Published on Nov. 27, 2014.
In an effort to address the state’s need for energy efficiency, a team of engineering students is developing software that monitors and analyzes the energy usage of household appliances.
“I think there’s a big growing industry for energy efficiency,” electrical engineering graduate student Andy Pham said. “Especially in Hawai‘i. You pay electricity bill, but it’s really high price right now. We feel there’s a need for it.”
The team, called LoadX, participated in the Pacific Asian Center for Entrepreneurship’s (PACE) Breakthrough Innovation Challenge (BIC) and received a $250 prize. The three-member team had been mentored by two sustainability-related companies – Energy Excelerator, which works with select startup companies looking to solve energy challenges in the state, and Ulupono initiative, an investing firm that uses investments to improve the quality of sustainable life – to help them with their business pitch.
LoadX’s energy efficiency software
The team’s software uses the data that’s already available on an energy monitoring system to save energy.
“There’s smart plugs commercially available that monitor and can shut off your circuits for appliances, and the idea is our company would suggest smart plugs and then we would interface our possibly, well, ideally, our free software, to their device,” electrical engineering graduate student Nick Fisher said.
The software, which integrates into a mobile app, will help homeowners save energy.
“We wanted to make it easier for people to see what kind of energy loads their appliances and stuff,” electrical engineering senior Kenny Luong said.
According to Pham, the software makes “the dumb home appliance smart.”
“For example, if your fridge is not fully closed, the software would track based on the pattern of your usage, and notify you, ‘Hey, your fridge is open,’” he said.
The software can also monitor the energy usage of a water heater.
“The program will watch your energy usage and notify you that the hot ready is ready for shower instead of you waiting randomly,” Pham said. “Of course water heater have reheat cycle so LoadX will, based on learning your behavior, cut off those reheat time, which mean you save energy.”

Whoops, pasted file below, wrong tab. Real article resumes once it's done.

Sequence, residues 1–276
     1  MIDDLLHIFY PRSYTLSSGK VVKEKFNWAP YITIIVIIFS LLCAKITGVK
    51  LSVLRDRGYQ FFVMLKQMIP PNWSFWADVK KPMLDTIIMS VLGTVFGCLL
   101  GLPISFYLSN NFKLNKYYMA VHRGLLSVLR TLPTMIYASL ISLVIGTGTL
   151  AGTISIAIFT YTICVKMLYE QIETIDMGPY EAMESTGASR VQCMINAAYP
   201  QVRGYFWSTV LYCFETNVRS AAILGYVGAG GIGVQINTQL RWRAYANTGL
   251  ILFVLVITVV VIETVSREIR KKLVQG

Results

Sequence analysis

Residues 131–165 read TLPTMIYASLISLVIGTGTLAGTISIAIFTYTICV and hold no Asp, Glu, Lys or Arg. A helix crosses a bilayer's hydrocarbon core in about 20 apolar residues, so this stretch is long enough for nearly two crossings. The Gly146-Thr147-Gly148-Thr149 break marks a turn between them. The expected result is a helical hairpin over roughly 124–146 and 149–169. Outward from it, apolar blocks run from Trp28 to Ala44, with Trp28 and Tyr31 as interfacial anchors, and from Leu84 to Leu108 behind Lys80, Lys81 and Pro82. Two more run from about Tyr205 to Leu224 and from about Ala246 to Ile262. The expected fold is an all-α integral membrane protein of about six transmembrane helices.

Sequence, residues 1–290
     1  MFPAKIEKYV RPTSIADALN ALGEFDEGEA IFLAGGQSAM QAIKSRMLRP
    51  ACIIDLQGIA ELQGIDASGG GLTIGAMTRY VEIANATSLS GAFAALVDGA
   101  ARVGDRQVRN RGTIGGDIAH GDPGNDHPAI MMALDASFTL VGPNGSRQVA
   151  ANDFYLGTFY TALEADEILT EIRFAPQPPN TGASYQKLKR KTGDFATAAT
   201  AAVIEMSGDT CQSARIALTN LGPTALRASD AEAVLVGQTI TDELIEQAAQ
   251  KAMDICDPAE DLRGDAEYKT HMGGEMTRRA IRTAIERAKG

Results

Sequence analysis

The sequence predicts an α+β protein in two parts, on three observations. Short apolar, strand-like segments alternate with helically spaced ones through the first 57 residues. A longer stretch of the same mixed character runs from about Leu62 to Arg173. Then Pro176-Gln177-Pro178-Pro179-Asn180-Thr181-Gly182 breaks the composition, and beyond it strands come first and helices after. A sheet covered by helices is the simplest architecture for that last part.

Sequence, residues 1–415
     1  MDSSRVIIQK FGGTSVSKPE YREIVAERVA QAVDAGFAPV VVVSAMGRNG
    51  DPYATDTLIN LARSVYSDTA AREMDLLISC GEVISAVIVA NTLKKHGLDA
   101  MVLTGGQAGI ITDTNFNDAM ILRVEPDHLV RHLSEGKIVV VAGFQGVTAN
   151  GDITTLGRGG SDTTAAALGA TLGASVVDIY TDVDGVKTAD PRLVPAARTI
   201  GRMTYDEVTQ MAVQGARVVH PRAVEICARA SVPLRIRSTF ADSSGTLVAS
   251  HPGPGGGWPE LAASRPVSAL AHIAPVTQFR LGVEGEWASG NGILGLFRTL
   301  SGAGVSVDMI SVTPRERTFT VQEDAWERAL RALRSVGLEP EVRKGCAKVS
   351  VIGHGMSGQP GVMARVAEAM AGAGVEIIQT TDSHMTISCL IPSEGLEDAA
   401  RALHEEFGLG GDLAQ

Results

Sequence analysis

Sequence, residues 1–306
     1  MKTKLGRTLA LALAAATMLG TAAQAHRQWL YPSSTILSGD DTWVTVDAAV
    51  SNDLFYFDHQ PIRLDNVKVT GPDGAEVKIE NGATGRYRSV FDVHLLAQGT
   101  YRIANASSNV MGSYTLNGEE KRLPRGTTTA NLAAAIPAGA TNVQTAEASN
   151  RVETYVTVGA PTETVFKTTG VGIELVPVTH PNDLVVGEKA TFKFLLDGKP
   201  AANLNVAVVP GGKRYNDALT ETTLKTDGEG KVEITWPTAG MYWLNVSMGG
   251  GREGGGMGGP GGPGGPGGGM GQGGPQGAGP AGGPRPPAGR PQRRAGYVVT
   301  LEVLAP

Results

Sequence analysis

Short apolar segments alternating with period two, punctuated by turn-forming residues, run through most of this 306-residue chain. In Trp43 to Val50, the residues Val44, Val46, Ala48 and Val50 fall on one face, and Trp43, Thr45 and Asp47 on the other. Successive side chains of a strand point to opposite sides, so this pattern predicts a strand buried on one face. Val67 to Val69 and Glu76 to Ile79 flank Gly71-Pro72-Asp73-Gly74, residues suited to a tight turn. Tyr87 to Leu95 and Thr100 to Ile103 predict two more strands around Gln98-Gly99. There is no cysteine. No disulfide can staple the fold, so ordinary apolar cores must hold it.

He added that the team is trying to provide a low-cost alternative solution to save energy. In the future, they hope to give away their software for free.
Murray Clay, managing partner for Ulupono Intiative and one of the team’s mentors, thinks this idea’s time has come.
“It is starting to be applied at the commercial and industrial level but there doesn’t yet seem to be a cost-effective home solution,” he said in an email interview. “If they can crack that problem, they could have a compelling business offering.”
The goal of the BIC is to showcase the innovation that’s happening at the university, according to Krystal Lee, PACE program manager.
“This is a way to showcase those type of innovations and ideas that are happening on campus and the ideas that students have while giving them an opportunity to do something about it, to commercialize their innovation and meet people in the business community, as well as people here on campus that can help further their technology along,” she said.
The competition gives students a chance to win prize money to move their business forward.
“Personally, for BIC, for me, it’s just a good way to like practice a pitch or even test if your idea is actually valuable based on a few business representatives locally,” Fisher said.
According to Lee, two coaches, who came from the business community and volunteered their time, were assigned to each team to mentor the students.
Receiving advice from sustainability organizations
Lauren Tonokawa, who handles communications for Energy Excelerator, was the team’s second mentor.
“The university is actually a really great place to … make the jump from the idea to actually developing something like a product or whatever your innovation is,” Tonokawa said. “It’s important for programs like PACE to support those programs that can eventually lead into ours.”
She began working with LoadX earlier this month. The team was able to see Energy Excelerator’s nine startup companies pitch to and meet one-on-one with representatives from various companies such as Hawaiian Electric Companies, UH, the Hawai‘i State Energy Office and Hawai‘i Energy.
“She has experience in this field that we’re trying to go into so she can give us tips … and ideas to help us in that market and in that sector,” Fisher said. “Just meeting her is nice to know because Energy Excelerator funds future energy-type companies. So just allowing PACE and introducing us to them could be a future business venture to enter into Energy Excelerator in the future.”
Clay said he enjoyed working with the team.
“They’re motivated and open to new ideas and approaches,” he said. “I haven’t had the chance to work with engineers in a while [usually finance folks and lawyers] so that was refreshing. I hope they were able to get some useful business insights from our session.”
The best advice the team received, according to Fisher, was to find a niche that its software can address in the market.
“We come from engineering background, and we think we have to have these amazing ideas, but sometimes amazing ideas fail in the market,” he said. “We hope to continue to work on it.”